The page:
Chopin has been invited to play at Count Wyszynka’s. The family calls it a concert, but the professor knows he will be providing background music for the banquet, while the guests clatter their cutlery and stuff their stomachs. Chopin attends a secret meeting with the professor—at which they learn that the Tsar has appointed a new governor, a man with a vicious record—and they show up at the last minute. Chopin plays—the Fantaisie Impromptu—and it is as the professor predicted. However, the Count does ask for an encore. A guest arrives late and is announced: the Russian Governor of Poland. Chopin stands up and announces, "I do not play for Czarist butchers." He storms out of the room as his famous Revolutionary Étude starts in the background. His friends rush to his home to tell him to flee or he will be arrested in the morning. Paris is the obvious solution. Constantia gives him a handful of Polish earth to take with him.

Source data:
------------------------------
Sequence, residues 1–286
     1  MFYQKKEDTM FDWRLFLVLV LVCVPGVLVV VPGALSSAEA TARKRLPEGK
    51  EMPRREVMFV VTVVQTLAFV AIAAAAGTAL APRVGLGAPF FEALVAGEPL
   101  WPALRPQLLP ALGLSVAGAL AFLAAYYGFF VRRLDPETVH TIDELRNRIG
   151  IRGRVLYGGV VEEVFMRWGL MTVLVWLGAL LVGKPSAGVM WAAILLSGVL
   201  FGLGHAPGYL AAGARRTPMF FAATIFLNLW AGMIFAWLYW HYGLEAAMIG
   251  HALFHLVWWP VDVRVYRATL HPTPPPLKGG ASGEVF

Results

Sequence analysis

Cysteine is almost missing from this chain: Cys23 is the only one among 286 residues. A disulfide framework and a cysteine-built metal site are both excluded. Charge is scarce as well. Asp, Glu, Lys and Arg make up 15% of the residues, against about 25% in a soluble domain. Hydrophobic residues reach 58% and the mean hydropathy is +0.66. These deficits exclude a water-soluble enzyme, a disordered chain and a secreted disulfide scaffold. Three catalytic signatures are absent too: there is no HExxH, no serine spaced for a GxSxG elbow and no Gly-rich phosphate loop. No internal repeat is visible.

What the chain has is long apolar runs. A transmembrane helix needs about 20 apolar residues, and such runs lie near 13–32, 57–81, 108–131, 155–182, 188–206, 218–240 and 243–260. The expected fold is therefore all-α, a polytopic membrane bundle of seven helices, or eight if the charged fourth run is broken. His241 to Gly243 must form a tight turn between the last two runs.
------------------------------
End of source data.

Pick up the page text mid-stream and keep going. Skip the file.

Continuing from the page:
The excited professor takes Chopin to a bewildered Pleyel (George Coulouris) assuming they will be welcomed even though it has been 11 years since their correspondence. While Pleyel is trying to get rid of them, Chopin’s Polonaise echoes through the room. Franz Liszt ( Stephen Bekassy) has found the music and loves it. Pleyel immediately changes his mind and promises a concert.

The professor takes Chopin to the famous Café de la Bohème, haunt of celebrities such as Liszt Victor Hugo, Alexandre Dumas, Balzac. He embarasses Chopin by noisily claiming a table and manages to alienate an important critic, Kalkbrenner. (Howard Freeman). Liszt enters the cafe with Alfred de Musset and Georges Sand (Merle Oberon), wearing her masculine garb, and introduces them all to Chopin.